The Benefits of South-South Knowledge Sharing for Asia-Pacific

Technicians working at an LED lighting factory in Guangdong, PRC.
Technicians working at an LED lighting factory in Guangdong, PRC.

By Fei Yu

The joint ADB-PRC Regional Knowledge Sharing Initiative is launching a website to serve as a platform for sharing the PRC’s experiences, methods, ideas and opinions on what works and what doesn’t in development.

ADB’s 50th anniversary is an appropriate time to acknowledge and celebrate the extraordinary progress throughout the Asia Pacific Region, the bank’s mandated focus for development assistance. When ADB was founded in 1966, most countries in Asia and the Pacific were impoverished, among them the People’s Republic of China (PRC) which today is the world’s second largest economy.

Fifty years ago, Asia-Pacific countries needed all the basics for development – roads, potable water, power generation, schools, medical facilities, modern farming tools, and much else. Like other development agencies, ADB faced the daunting task of marshaling sufficient financial and human resources to help lift these countries out of severe poverty and to chart a course of sustainable and inclusive growth. In these circumstances, the knowledge transfer was predominately North-South.

Gradually, however, South-South knowledge transfer has strengthened, competing with in some cases and but largely complimenting the north-south transfer.  This reflects a shift of the economic center of gravity and greater trade integration within the developing world, and between developing and high-income countries. Since 2000 or even much earlier, we have witnessed many developing countries converging toward OECD income levels, with per capita growth rates double or higher than those of high-income countries.

In terms of trade, the developing country share of world exports has been increasing sharply since the turn of the century. In 2014, low- and middle-income economies accounted for about 30% of world exports, up from about 20% in 2000. Furthermore, one-third of their share of world exports is destined to developing economies, a dramatic increase compared to also 20% in 2000. Most of the export growth in emerging markets is driven by greater integration among them, rather than by increasing exports to the traditional economic powers. 

Developing countries are moving up the technology ladder. The PRC spends more than $200 billion annually on R&D—second only to the United States—and leads the world in patent applications. A recent report on the world’s 1,000 leading public corporations found that more R&D is now conducted in Asia than in North America or Europe, and that the PRC and India are increasing corporate R&D faster than other countries.

Now that the sources of knowledge are more diffuse and diversified, developing countries are increasingly interested in considering alternative approaches to the ‘turn-key’ solutions often proposed by international donors. Developing countries face different policy challenges for achieving growth than those of developed countries operating on the global technological frontier. Successful lessons from developing countries are often more relevant for other developing countries, reflecting the similarity of their opportunities and challenges. As a result, South-South cooperation has become an important source of knowledge, highly relevant to sustainable economic development.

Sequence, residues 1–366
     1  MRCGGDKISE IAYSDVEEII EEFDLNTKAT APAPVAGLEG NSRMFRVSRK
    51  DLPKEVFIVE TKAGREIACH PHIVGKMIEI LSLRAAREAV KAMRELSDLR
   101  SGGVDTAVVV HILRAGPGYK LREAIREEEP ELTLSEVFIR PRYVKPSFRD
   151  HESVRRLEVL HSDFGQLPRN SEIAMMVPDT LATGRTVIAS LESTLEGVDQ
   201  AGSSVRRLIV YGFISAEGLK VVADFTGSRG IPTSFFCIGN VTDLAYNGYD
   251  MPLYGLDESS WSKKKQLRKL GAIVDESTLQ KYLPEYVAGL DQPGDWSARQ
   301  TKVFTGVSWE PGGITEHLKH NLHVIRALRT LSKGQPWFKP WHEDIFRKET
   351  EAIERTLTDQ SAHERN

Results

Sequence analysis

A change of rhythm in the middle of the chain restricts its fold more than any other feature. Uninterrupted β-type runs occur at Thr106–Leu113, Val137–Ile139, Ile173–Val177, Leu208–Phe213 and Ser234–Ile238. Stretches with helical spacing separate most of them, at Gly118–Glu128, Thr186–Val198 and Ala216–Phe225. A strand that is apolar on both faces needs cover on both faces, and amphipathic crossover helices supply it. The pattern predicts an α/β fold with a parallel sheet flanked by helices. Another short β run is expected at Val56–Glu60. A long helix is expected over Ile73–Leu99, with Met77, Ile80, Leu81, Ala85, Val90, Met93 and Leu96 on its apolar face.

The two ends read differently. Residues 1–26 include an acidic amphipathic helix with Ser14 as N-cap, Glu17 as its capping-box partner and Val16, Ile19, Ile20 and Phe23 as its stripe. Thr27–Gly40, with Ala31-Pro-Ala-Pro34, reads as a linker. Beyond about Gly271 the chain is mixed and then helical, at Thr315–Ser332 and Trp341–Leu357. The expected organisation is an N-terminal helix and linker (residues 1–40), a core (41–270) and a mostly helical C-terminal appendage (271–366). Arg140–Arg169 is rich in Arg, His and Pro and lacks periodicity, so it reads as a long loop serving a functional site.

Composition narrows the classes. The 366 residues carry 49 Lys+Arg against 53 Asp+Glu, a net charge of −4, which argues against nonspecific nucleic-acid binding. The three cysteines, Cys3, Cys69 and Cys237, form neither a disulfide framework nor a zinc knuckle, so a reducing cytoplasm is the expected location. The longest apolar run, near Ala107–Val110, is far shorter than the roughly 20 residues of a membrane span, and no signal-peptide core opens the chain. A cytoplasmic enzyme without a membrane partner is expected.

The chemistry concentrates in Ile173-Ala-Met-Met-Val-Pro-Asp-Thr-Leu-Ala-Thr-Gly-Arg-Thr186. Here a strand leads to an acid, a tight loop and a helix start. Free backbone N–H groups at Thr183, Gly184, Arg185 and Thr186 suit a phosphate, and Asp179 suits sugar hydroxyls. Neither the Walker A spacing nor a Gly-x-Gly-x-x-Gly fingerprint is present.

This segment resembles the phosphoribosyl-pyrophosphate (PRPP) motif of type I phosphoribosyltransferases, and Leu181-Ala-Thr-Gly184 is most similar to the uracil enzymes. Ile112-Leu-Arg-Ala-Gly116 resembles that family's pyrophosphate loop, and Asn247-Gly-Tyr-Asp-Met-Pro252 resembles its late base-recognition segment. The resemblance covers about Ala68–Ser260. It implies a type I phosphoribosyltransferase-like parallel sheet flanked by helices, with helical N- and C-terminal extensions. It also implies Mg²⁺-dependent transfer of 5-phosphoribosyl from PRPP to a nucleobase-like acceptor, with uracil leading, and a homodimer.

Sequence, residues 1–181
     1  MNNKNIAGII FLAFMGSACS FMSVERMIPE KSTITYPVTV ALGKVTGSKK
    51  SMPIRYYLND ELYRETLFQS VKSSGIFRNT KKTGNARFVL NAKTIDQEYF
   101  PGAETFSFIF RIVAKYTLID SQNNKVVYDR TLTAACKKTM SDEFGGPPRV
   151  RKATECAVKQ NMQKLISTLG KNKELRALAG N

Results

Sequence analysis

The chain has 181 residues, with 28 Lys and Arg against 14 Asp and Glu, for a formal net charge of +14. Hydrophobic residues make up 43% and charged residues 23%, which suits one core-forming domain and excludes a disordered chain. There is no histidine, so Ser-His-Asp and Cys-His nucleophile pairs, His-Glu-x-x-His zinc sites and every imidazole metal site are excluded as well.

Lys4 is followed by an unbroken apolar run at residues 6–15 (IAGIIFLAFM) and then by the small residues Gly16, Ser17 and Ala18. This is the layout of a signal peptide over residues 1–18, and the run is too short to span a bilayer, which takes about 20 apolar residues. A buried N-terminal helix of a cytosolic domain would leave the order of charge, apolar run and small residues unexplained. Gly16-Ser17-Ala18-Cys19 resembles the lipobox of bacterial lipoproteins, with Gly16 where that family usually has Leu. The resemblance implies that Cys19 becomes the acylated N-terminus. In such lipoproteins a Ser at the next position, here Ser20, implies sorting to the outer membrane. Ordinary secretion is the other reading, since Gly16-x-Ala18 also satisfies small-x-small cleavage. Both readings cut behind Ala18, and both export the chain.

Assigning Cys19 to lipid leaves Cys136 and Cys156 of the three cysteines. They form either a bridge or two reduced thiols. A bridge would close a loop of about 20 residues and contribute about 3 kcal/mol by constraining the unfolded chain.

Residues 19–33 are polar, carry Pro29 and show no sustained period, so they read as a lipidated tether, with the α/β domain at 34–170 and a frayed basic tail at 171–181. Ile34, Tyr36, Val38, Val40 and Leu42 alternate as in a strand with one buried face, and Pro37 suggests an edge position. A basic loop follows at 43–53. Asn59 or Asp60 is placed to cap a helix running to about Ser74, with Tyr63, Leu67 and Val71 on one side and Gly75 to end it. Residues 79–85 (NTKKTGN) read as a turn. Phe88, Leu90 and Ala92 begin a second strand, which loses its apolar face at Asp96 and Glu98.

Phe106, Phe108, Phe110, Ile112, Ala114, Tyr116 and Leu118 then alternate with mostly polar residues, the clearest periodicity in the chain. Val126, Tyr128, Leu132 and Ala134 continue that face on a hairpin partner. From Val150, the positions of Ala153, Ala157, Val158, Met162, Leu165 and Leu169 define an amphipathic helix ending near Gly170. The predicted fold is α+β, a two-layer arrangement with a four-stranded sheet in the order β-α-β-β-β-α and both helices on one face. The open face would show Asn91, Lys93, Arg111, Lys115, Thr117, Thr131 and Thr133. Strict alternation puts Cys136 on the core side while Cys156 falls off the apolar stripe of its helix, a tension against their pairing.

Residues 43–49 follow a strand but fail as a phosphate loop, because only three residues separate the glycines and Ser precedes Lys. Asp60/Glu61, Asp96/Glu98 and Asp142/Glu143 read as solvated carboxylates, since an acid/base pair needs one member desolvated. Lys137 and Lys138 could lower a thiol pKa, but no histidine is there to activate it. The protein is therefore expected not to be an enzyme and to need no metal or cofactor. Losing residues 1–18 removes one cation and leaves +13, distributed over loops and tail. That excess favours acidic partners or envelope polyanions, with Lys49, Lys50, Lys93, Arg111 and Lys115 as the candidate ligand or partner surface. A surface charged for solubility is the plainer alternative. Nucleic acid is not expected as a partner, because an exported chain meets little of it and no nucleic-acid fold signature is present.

As a regional development bank, ADB has deep practical knowledge drawing from its experience and operations in its developing member countries. This knowledge is embedded in the design and implementation of development projects, and its diversified nature reflects the complex relationship between growth and poverty and country specific factors. Knowledge sharing and innovation have become important priorities for ADB’s operations in the PRC and beyond. 

Building on a well-established and successful partnership between ADB and the PRC, the Regional Knowledge Sharing Initiative (RSKI) is designed to share with other development member countries the PRC’s development knowledge generated over 30 years of extraordinary growth. Over the past three years, the RKSI has built an extensive network of ADB-PRC knowledge partners, including government departments, universities, think tanks, centers of excellence, and institutions for promoting regional cooperation. These partners have been instrumental in the successful organization of more than 20 knowledge sharing events, reaching more than 2,000 policy makers and practitioners in Asia and the Pacific. 

In 2016, workshops and trainings are scheduled on structural transformation, special economic zones and low-carbon technology, and the RSKI will launch a website to serve as a platform for sharing the PRC’s experiences, methods, ideas and opinions on what works and what doesn’t. The website will be targeted to policymakers, policy implementers and project designers.

Regional knowledge sharing is challenging. It is often difficult to identify the specific needs and match them to providers. Replication of successful cases is difficult, given various financial and other constraints.

These and other challenges will be addressed in a consultation meeting on the RKSI strategy scheduled for 14 July in Beijing. The meeting will review progress to date and confirm the medium-term strategy for more effective South-South knowledge cooperation. Just as there is not a single path to development, knowledge solutions to development problems may be diffuse. We look forward to hearing recommendations for moving forward on the RKSI initiative, which has a lot of potential to make a tangible contribution to South-South knowledge sharing and development outcomes.